TIME Religion

What You Missed at the National Prayer Breakfast

President Barack Obama closes his eyes as a prayer is offered at the National Prayer Breakfast in Washington, Feb. 6, 2014.
President Barack Obama closes his eyes as a prayer is offered at the National Prayer Breakfast in Washington, Feb. 6, 2014. Charles Dharapak—AP

Scripture, foreign dignitaries, and rare bipartisan unity in Washington

President Barack Obama, First Lady Michelle Obama and Vice President Joe Biden attended the 62nd annual prayer breakfast Thursday morning in Washington. Every president since Dwight Eisenhower has joined the gathering, traditionally hosted the first Thursday in February at the Washington Hilton (also where President Ronald Reagan was shot and where the annual White House Correspondents dinner is held). This year, the focus was bipartisanship at home and ending extreme poverty abroad. Here’s what you missed.

Prayers Prayed. Lots. It is a prayer breakfast after all.

Unity Displayed. Rep. Janice Hahn (D-Calif.) and Rep. Louie Gohmert (R-Texas) co-chaired this year’s breakfast. It’s about the only thing they agree on, and as Gohmert pointed out, it was probably the only time you will ever see Hahn to his right on anything—because that’s where she was seated.

Foreign Dignitaries Present. President of Albania Bujar Nishani and President of Haiti Michel Martelly. Martelly has a bilateral meeting with Obama in the Oval Office on Thursday afternoon.

Scripture Read. Rep. Eliot Engel (D-N.Y.) read the famous “for everything there is a season, a time to be born and a time to die, a time to weep and a time to laugh…a time to love, a time to hate” passage from the Hebrew text of Ecclesiastes. Bethany Hamilton, an evangelical surfer who lost her left arm to a shark, read the Good Samaritan passage from the gospel of Luke and Paul’s letter to the Ephesians about how wide and long and deep and high the love of Christ is.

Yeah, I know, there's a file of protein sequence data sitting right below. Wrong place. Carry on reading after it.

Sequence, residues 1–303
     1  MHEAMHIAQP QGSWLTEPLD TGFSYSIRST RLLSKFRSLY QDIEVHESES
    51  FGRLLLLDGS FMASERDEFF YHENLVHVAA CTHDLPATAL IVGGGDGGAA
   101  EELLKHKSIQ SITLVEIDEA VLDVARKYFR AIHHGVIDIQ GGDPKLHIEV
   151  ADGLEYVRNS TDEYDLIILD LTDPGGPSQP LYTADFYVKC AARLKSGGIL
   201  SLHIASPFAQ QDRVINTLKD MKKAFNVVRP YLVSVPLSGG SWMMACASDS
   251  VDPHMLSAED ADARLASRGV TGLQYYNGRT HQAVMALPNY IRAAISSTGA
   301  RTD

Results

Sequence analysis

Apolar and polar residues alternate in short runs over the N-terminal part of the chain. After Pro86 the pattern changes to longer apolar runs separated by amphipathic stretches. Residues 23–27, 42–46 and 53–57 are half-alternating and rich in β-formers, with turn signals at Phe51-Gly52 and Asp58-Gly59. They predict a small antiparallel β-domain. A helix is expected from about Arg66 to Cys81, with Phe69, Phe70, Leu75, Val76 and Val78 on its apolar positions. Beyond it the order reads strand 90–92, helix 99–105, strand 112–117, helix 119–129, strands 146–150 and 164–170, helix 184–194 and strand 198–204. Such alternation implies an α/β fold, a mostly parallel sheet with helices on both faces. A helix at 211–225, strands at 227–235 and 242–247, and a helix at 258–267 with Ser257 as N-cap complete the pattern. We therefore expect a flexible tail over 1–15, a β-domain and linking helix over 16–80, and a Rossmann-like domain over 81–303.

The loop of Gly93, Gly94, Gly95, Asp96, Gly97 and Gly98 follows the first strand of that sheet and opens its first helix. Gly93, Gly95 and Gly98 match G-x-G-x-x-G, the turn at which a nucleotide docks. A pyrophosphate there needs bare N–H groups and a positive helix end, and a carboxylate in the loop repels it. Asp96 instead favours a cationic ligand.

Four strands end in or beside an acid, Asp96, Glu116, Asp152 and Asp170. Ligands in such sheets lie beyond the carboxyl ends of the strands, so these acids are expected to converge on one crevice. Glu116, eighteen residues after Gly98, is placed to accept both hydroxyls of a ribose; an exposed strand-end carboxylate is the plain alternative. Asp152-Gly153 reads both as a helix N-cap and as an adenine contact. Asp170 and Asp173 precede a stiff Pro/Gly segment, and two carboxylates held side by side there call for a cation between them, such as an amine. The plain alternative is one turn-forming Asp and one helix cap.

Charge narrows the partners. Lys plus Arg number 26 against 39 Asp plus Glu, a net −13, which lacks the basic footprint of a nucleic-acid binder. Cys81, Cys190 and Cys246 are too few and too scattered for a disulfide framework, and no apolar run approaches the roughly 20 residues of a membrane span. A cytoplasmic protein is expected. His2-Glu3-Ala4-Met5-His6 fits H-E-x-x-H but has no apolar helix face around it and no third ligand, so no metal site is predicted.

Best lines: Ray LaHood, Obama’s former Secretary of Transportation, got the first giant smile from the president with his crack, “Louie Gohmert has been transformed…let’s hope this miracle continues beyond the 9:30 hour.” Sen. Roger Wicker (R-Miss.), noted how it is much easier to overcome partisan fights in Congress when you are holding hands praying and singing. Keynote speaker Rajiv Shah, the USAID Administrator, told of how his car got stuck in the mud when he was visiting Ethiopia with Sen. James Inhofe (R-Okla.). The senator, Shah said, suggested that “everyone under 70 should get out and push,” leaving Shah “covered in mud again because of Congress.”

Most Poignant Moment. Shah sobered up the house with a story of his trip to a Somali refugee camp with Jill Biden two years ago. They met a mother who, desperate to escape the famine, alternated carrying each of her two children until they all became so weak and she knew she could only carry one. “She looked down at her two children and she said a prayer—then she made the excruciating decision to leave one of them behind so she could save the other,” he recalled. “Were they somehow lesser than our sons and daughters? Did their fathers love them less? Did their mothers? Did God?” Let that one sink in.

Noticeably Absent. Talk of immigration reform. Health care. Little Sisters of the Poor. Immigration reform. Health care. Hobby Lobby.

Name Dropped. By the president: Kenneth Bae, American missionary held captive in North Korea since October, and US pastor Saeed Abedini, Idaho pastor imprissoned in Iran for 18 months. By Shah: Pope Francis, for shining a “bright light” on poverty.

Mystery Policy. Obama’s “men of color” mentorship initiative line from the State of the Union popped up again.

Noted. Obama wanted to clarify that his surfing is not very good. Body surfing, he explained, was more his specialty.

Over and out until next year.

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